It turns out that an error at Barclays Bank led to the suspension of creations for two of its exchange-traded notes (ETNs) earlier this month.
On March 14, Barclays halted new share creations of the iPath Pure Beta Crude Oil ETN (OIL) and the iPath Series B S&P 500 VIX Short-Term Futures ETN (VXX).
At the time, the firm specifically said it was not due to Russia’s invasion of Ukraine, which had brought turmoil to the markets, or other market dynamics but was because the bank lacked the issuance capacity to create any further shares in the two ETNs.
ETNs are debt notes issued by a bank. They sometimes combine stock positions with options overlays or use other sophisticated strategies to track an underlying index.
Barclays said that it would return the ETNs to normal operations as soon as it could accommodate demand for future issuances.
However, today, a statement from the bank added some additional colour. It turns out that the firm had overissued shares of the ETNs, exceeding the amount that had been allowed by its shelf registration statement for a period of roughly one year, according to the document.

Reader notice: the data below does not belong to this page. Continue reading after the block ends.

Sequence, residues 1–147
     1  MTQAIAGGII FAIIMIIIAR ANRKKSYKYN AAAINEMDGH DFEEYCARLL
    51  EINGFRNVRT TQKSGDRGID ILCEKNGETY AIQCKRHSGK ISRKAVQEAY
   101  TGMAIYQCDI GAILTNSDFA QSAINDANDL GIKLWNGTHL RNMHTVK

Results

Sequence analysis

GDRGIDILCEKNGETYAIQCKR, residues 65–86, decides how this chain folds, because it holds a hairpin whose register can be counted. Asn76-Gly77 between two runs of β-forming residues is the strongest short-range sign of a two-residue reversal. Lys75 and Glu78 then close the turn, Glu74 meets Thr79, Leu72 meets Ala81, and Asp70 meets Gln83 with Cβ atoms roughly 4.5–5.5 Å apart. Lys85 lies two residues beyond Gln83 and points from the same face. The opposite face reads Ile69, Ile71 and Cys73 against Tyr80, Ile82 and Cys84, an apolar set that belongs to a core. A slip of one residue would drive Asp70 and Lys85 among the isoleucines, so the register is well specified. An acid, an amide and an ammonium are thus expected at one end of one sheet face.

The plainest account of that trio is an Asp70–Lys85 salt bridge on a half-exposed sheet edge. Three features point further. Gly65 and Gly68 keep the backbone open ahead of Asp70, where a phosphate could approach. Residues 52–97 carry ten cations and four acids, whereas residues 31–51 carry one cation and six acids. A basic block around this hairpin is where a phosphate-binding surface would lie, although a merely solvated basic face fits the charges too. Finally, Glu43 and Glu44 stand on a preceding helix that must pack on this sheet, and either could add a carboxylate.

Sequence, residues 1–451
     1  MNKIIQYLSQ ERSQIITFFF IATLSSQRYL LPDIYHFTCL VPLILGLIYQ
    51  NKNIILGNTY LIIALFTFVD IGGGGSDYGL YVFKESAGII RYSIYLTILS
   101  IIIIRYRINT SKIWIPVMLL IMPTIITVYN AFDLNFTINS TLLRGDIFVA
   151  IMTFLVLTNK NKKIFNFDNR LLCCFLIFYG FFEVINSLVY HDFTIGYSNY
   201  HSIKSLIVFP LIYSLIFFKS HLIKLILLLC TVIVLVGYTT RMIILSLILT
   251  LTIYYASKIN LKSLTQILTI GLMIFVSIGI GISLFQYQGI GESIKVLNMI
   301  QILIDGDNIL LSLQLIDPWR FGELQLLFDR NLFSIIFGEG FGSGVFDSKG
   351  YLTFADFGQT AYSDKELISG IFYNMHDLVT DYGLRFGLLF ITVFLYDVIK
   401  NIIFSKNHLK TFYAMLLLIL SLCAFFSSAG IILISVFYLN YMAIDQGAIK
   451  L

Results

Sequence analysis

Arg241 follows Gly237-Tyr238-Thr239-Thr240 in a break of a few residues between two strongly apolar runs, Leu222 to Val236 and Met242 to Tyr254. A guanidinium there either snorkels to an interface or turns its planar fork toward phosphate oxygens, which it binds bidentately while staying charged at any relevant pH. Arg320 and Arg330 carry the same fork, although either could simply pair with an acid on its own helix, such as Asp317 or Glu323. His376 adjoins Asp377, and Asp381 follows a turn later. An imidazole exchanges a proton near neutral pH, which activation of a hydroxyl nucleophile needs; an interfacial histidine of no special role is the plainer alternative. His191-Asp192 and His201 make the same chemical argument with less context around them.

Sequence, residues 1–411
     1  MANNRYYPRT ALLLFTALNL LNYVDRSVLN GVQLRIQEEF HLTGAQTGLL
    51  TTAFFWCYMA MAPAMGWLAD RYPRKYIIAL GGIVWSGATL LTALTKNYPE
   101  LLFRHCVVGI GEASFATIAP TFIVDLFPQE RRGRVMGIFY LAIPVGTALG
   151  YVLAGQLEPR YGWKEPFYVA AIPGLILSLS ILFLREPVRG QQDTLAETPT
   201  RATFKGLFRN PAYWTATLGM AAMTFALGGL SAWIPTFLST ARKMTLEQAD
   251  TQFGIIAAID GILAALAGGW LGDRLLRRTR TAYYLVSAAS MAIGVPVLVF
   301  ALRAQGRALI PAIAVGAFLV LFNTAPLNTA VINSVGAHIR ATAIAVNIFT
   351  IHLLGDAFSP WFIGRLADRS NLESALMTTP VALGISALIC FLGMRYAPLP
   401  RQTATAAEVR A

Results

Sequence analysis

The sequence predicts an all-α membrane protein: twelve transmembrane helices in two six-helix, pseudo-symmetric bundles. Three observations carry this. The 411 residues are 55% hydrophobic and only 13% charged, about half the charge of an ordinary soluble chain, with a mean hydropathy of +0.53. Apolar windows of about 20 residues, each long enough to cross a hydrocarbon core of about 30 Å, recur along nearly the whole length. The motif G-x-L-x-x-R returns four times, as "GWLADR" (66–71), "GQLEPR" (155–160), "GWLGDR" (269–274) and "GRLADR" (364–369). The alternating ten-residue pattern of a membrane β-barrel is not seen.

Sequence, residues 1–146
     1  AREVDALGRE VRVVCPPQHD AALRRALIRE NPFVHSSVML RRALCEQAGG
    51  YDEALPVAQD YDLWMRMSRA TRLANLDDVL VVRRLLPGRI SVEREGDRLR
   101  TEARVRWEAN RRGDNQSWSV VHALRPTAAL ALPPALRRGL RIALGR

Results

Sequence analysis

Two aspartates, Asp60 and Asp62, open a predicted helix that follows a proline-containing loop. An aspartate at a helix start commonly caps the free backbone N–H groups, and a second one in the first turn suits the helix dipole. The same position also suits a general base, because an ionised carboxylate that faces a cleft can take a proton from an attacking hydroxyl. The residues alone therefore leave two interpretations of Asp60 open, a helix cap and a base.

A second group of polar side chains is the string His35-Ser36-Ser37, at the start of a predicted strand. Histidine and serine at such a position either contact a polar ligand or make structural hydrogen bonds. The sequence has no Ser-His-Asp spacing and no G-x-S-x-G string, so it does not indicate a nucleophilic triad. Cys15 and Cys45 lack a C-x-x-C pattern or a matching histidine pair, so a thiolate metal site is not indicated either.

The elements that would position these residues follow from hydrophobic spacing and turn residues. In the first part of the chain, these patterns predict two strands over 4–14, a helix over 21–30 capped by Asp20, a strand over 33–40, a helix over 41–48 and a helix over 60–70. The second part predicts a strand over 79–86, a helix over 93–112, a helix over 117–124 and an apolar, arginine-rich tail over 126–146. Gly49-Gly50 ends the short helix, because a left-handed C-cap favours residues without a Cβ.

A footnote in the press release notes that the firm registered to a maximum aggregate offering price of $20.8bn, an amount that it exceeded by roughly $15.2bn.
Furthermore, the document said that under the “right of rescission” – which allows consumers to cancel a loan agreement that they have entered into – it will repurchase some of the issued ETNs at their original purchase price. The “right of rescission” is more typically seen with transactions such as mortgage loans but it means that the estimated loss to the firm is roughly £450m.
Barclays noted the situation means it will postpone its planned buyback programme from Q1 to Q2.
It said in a statement: “Barclays has commissioned an independent review of the facts and circumstances relating to this matter including, among other things, the control environment related to such issuances.”
The firm’s line-up of iPath ETNs in the US currently includes 27 products with nearly $3bn assets under management (AUM).
This story was originally published on ETF.com